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The Guards Museum

The Guards Museum

Long before either the Parachute regiment or the Special Air Service were raised, the British army had elite regiments, which could be relied on to steady the ranks in any crisis and remain steadfast in the face of any adversity. The most famous of these were the five regiments of Foot Guards, raised at different times, but all imbued with the same martial spirit, which earned them a reputation as being tough, no nonsense soldiers with an unrivalled quality for endurance and stern discipline.

First came the regiment that would become the Coldstream Guards, formed in 1650 during the English Civil War. However, because it was raised by a Parliamentarian officer, General George Monck, the regiment would find itself placed second after the First or Royal Regiment of Foot Guards in the order of seniority following the Restoration of the king in 1660. The First or Royal Foot Guards were formed in 1656, but it was not until after the Battle of Waterloo in June 1815, where the regiment fought with distinction and the title of Grenadier Guards was conferred on the regiment. The Scots Guards were raised in 1660, with the Irish Guards being formed in 1900 in recognition of service during the Boer War. The Welsh Guards were formed in 1915, with Welsh volunteers coming from other regiments, but they very rapidly joined their sister regiments and gained a reputation as fearless soldiers.

These five regiments together share a single museum at the Guards Museum at Wellington Barracks in Birdcage Walk, London. Despite having so much history between the regiments, the museum is far from being cluttered and the exhibits are well displayed to show a wealth of history, stretching back over 350 years. The Guards have served in campaigns all over the world and their presence has averted disasters and prevented some from becoming worse than they did. For example, the part played by the Guards in the withdrawal from Dunkirk in 1940 is but one instance of their typical fighting spirit.

Battle honours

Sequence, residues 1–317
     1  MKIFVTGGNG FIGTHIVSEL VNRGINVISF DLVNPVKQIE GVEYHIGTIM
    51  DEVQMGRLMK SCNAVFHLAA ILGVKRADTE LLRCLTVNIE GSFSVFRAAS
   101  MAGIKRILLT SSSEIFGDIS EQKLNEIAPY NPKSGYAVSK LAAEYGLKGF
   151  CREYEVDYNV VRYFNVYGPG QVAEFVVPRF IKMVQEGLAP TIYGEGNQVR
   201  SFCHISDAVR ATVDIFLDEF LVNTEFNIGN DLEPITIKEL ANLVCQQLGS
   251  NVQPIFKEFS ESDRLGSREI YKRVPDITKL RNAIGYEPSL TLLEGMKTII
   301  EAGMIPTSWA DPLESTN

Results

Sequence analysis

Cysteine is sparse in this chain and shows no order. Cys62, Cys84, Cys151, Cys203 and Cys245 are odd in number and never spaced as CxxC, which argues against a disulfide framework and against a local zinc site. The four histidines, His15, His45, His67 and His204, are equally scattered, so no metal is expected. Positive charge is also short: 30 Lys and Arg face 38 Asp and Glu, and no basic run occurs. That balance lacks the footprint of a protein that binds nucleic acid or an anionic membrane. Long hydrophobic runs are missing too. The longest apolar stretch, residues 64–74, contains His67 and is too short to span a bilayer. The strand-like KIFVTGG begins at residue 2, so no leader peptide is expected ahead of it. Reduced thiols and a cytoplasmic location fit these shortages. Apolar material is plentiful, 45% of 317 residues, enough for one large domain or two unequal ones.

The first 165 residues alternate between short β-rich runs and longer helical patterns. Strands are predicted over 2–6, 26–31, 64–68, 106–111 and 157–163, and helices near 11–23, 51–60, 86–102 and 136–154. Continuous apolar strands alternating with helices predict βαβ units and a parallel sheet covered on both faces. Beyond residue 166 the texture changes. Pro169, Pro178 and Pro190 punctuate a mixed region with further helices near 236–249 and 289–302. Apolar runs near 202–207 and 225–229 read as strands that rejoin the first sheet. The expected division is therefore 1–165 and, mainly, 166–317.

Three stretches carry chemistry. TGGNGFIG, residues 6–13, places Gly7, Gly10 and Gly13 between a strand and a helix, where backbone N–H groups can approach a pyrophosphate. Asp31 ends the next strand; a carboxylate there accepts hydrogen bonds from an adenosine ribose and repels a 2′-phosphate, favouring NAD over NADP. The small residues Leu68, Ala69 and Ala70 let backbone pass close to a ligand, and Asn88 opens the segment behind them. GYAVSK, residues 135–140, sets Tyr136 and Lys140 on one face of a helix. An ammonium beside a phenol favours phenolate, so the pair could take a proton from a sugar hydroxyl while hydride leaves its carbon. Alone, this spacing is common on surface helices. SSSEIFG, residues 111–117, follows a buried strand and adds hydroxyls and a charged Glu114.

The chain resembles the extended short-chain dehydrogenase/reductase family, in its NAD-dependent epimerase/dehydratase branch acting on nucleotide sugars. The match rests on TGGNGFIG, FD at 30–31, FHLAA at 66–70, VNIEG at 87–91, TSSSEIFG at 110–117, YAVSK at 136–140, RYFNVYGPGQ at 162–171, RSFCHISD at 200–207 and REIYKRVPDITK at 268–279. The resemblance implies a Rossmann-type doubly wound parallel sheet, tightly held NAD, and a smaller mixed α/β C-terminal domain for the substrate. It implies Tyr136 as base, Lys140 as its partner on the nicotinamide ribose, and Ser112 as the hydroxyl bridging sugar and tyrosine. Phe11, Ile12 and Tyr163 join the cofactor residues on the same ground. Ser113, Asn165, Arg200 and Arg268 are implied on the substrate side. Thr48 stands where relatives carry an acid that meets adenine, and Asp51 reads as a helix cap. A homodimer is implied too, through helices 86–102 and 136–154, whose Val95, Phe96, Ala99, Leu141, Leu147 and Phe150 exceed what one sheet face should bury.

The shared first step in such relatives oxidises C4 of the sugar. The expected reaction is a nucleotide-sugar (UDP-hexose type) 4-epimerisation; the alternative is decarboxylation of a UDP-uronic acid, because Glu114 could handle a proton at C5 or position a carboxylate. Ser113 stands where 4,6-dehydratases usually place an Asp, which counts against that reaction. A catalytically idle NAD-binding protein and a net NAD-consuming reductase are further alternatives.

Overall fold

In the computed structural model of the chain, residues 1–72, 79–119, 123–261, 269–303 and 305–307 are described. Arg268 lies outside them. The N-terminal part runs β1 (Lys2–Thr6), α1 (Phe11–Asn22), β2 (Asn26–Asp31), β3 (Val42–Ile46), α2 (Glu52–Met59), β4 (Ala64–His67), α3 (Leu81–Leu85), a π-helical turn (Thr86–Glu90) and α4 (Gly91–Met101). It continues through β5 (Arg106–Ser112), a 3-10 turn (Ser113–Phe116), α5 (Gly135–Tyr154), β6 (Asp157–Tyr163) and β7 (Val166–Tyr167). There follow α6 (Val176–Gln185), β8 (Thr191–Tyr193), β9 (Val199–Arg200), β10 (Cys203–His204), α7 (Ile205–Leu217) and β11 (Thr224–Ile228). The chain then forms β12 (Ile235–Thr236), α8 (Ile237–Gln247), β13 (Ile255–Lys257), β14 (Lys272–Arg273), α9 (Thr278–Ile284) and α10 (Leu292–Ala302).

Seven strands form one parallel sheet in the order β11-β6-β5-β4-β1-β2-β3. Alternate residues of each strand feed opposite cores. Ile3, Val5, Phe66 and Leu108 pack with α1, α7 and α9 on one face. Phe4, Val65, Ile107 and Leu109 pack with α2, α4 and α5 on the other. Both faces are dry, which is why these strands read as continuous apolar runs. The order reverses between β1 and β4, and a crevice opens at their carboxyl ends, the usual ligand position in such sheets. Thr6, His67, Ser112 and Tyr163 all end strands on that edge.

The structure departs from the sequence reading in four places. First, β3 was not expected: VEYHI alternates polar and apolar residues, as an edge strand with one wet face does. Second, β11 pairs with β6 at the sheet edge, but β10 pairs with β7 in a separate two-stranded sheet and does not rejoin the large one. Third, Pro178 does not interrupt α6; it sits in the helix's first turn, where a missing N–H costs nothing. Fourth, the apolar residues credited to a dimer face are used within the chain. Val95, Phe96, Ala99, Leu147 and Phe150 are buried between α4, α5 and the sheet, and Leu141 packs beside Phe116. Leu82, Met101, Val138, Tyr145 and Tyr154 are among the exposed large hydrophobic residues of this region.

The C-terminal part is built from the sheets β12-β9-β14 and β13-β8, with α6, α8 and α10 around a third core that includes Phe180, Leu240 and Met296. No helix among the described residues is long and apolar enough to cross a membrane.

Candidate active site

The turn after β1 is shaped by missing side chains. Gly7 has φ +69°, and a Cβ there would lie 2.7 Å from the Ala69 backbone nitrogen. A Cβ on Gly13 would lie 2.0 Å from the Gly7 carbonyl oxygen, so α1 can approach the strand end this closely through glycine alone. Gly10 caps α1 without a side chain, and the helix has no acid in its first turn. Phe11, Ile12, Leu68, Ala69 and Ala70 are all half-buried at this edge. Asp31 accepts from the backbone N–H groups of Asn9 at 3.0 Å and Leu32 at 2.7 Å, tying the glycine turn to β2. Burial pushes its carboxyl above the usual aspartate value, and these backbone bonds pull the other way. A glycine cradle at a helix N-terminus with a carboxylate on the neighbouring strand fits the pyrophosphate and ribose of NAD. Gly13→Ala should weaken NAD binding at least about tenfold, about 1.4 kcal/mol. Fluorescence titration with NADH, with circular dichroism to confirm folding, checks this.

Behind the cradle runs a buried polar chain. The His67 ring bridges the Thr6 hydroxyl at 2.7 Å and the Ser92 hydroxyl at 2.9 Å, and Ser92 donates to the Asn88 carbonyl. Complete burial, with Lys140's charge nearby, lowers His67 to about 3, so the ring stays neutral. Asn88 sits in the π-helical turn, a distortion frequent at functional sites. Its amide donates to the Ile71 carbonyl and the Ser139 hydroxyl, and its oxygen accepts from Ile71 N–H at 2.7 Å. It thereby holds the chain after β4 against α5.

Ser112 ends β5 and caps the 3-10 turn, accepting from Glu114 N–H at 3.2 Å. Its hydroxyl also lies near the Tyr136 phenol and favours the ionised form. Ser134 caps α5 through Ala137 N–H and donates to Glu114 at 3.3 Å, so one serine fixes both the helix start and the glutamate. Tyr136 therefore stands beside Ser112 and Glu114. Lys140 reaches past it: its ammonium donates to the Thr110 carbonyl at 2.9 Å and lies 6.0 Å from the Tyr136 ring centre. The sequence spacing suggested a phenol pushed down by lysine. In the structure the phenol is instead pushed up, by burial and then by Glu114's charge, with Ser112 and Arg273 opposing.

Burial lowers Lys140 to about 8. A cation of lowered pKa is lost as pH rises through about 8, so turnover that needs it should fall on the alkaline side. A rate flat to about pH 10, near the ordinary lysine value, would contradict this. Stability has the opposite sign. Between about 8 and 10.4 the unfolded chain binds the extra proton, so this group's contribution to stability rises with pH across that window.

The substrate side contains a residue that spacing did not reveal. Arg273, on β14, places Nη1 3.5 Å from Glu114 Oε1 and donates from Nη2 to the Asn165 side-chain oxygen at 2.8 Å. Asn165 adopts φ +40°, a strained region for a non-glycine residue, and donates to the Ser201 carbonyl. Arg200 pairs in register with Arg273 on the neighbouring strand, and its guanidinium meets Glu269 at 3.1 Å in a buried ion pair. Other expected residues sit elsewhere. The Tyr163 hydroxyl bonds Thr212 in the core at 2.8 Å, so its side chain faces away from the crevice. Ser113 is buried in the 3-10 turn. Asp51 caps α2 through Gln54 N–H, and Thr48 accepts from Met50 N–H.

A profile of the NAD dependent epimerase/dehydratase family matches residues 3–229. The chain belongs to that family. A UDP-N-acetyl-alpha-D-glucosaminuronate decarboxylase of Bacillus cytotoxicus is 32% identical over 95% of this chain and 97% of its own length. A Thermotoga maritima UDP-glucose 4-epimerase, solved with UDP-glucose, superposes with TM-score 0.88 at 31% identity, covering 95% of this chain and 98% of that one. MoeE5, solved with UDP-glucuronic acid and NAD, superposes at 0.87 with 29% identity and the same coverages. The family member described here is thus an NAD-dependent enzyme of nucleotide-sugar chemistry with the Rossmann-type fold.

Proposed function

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Collectively, the five Guards regiments have accrued dozens of battle honours, such as Inkerman and Mons, and between them some of the most noteworthy recipients of the Victoria Cross have served in their ranks. The most recent Victoria Cross was a posthumous award made to Lance Corporal James Ashworth of the Grenadier Guards for his actions in Afghanistan in June 2012.

The Guards are most often recognised by their bearskin caps, which they wear on ceremonial duties. Yet, in all their history, the only time this distinctive headdress was worn in battle by the Grenadier, Coldstream and Scots Guards was during the Crimean War. Today, the bearskin is reserved for ceremonial duties, such as the Queen’s Birthday Parade, known more familiarly as Trooping the Colour. Visitors to the museum discover that this is but one of their roles. First and foremost, the Guards are infantry and as such they have served in many conflicts.

Each regiment has its own history, due to the different dates they were formed, but they do serve together on operational deployment. The Guards are probably best known for sentry duties outside Buckingham Palace and St. James’s Palace, but the regiments are first and foremost fighting infantry regiments. The Grenadier, Coldstream and Scots Guards were in France in 1914 as part of the British Expeditionary Force. More recently, they have been deployed around the world to locations such as Iraq and Afghanistan. The Scots and Welsh Guards served in the Falkland Islands in 1982, an action which added another battle honour to their credit.

In the quiet atmosphere of the Guards Museum, among the display cases visitors can discover more about these remarkable regiments, which have such a complicated role in today’s modern army. There are unusual aspects to be discovered, such as the Coldstream Guards goose mascot and the origin to regimental nicknames. Not widely known is the fact that the Guards had at one time their own Armoured Division, which served most notably during ‘Operation Market Garden’. There was also an Independent Parachute Company, which served in Cyprus and during the Suez Crisis. In 1966, a Guards’ Squadron was formed for the Special Air Service. Guardsmen also served with the Long Range Desert Group in North Africa in the Second World War. All this, and much more is waiting to be discovered.

After a visit to the museum, visitors come away with a much different opinion of the Guards. The museum shop stocks a full range of titles, DVDs and much more including models. There is full wheelchair access and for full details of opening times and new exhibitions visit the website at: www.theguardsmuseum.com.

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